Clad head to toe in black with a bushy beard and dark shades, Christopher Philip Ahn cut an imposing, hulking figure on the stoop of the North Korean embassy in Madrid.
The barrel-chested 38-year-old former U.S. Marine, a resident of Chino Hills, was caught on surveillance camera footage in February in the moments before he and others allegedly launched a brazen raid on the embassy that has become the center of international intrigue and a potential thorn in efforts at diplomacy with the North Korean regime.
The attackers, associated with a North Korean dissident group calling itself Free Joseon, stand accused of having held embassy staff captive for hours while trying to persuade a diplomat to defect and eventually taking off with a stash of computers and hard drives.
Those allegedly involved in the raid, about 10 people including Ahn and a second U.S. citizen as well as South Korean nationals, all immediately fled Spain. Ahn was arrested in April in Los Angeles by U.S. authorities acting on an extradition request from a Spanish judge, and remains the only suspect in the attack to be taken into custody.
Now attorneys for Ahn are making the case before a federal judge in Los Angeles that he is a devoted family man who is not a danger or a flight risk but faces “possibly fatal” retaliation from North Korea should he be deported to Spain.
In court papers filed Thursday requesting that Ahn be released on bail, attorneys cited the fact that Ahn was previously involved in the extraction of Kim Han Sol, son of Kim Jong Un’s older brother Kim Jong Nam, after his father was dramatically assassinated by VX nerve agent. Ahn’s life could be in jeopardy in Spain, which maintains diplomatic ties with North Korea and issues visas allowing certain North Koreans to enter the country, they contended.
“North Korea has every incentive to either capture and torture Mr. Ahn to extract information regarding Kim Han Sol’s whereabouts, or to simply murder him as retribution for embarrassing the regime,” attorney Naeun Rim wrote in the filing.
An official at the national court where the case was filed in Madrid said Friday that “there is no more information” available about what sort of protection would be available to Ahn. The official declined to give his name, saying he was not authorized to speak publicly.
Prosecutors in Spain have asked the U.S. to extradite Ahn to face charges including unlawful break-in, illegal detention, willful bodily harm and theft that could result in a prison sentence of more than 10 years. Spanish authorities said Ahn and others violently assaulted and physically restrained embassy staff and family members, including a child, using “knives, machetes, iron bars, imitation handguns, shackles and cables.”
Some supporters have contended the attack was not a crime as alleged by Spain but an act of political defiance, and that the U.S. was only going along with cracking down on those involved in the attack to placate the North Korean regime so as to not derail President Trump’s nuclear talks with Kim Jong Un.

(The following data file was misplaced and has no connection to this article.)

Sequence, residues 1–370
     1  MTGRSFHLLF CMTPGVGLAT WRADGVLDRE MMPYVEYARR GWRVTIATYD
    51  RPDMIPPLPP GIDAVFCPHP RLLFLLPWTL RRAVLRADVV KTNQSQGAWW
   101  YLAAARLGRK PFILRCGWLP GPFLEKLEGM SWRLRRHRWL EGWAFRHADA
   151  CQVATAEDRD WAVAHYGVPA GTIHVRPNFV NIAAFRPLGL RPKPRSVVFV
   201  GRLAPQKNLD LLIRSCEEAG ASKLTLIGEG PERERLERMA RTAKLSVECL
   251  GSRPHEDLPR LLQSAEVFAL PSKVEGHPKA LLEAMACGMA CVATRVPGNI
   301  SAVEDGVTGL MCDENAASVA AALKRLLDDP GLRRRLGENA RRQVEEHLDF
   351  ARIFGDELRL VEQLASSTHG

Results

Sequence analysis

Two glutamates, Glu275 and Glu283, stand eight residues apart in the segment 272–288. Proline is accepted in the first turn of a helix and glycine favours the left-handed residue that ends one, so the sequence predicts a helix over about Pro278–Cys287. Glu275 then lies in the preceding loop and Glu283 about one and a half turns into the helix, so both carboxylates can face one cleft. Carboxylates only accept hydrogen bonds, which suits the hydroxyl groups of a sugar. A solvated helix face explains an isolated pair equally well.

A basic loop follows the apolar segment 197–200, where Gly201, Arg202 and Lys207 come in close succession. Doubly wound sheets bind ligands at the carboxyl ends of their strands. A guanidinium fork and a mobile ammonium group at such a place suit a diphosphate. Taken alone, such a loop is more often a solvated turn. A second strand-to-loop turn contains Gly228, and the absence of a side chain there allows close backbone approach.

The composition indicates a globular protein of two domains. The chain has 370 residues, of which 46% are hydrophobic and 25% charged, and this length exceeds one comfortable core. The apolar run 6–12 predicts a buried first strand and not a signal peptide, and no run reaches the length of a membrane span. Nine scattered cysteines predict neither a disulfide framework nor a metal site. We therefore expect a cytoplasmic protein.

North Korea, for its part, has called the incident a “grave terrorist attack” that constituted “a grave breach of the state sovereignty and a flagrant violation of international law.” A foreign ministry official urged Spain in a March statement published in state media to “bring the terrorists and their wire-pullers to justice in conformity with the relevant international law.”
The ringleader behind the raid, longtime North Korean human rights activist Adrian Hong, voluntarily met with the FBI in New York, shortly after returning from Spain and handed over the electronics taken by the group, according to court documents.
It was more than a month later that Ahn was arrested during a raid of Hong’s apartment in downtown Los Angeles. Hong remains at large, with a warrant for his arrest.
In this week’s court files, Ahn’s attorneys described him as an upstanding veteran and community member who could not have personally carried out any violent assault because his right hand was fractured at the time. They also said his time in the Marines wasn’t what it was made out to be in the news media following his arrest.
“Mr. Ahn was no grizzled front-line combatant: During his time as a Marine, he primarily held a desk-bound intelligence job and received no special combat instruction outside of basic training,” they wrote in the filing.
The filing also included more than 20 letters from family and friends who described him as a dedicated son and husband caring for an ailing mother with deep roots in Southern California. Ahn’s attorneys enlisted the support of Korean American community groups including the Korean American Federation of Los Angeles.
“The regime has every incentive to level false accusations against those who work to help North Koreans escape tyranny and violence, in order to deter them from continuing such efforts,” the community groups wrote in a joint letter. “We do not believe that Mr. Ahn — or any American citizen — should be detained based on such accusations, nor should they be extradited to a country in which they may be exposed to violent reprisal by the regime.”
Free Joseon, the secretive group that claims to be a provisional government in exile for the North Korean regime, has also called for Ahn’s release on its website, posting a photo of Ahn with Kim Han Sol.
“Adrian Hong and Christopher Ahn are true heroes who took great risks and have made many other personal sacrifices for many years to help and rescue those not blessed with freedom,” the group said in a statement last week.
Hong and Ahn “have never received funding from foreign government agencies,” the group said, countering speculation that U.S. intelligence agencies may have been involved in the attack.
Ahn’s bail hearing is scheduled for June 18.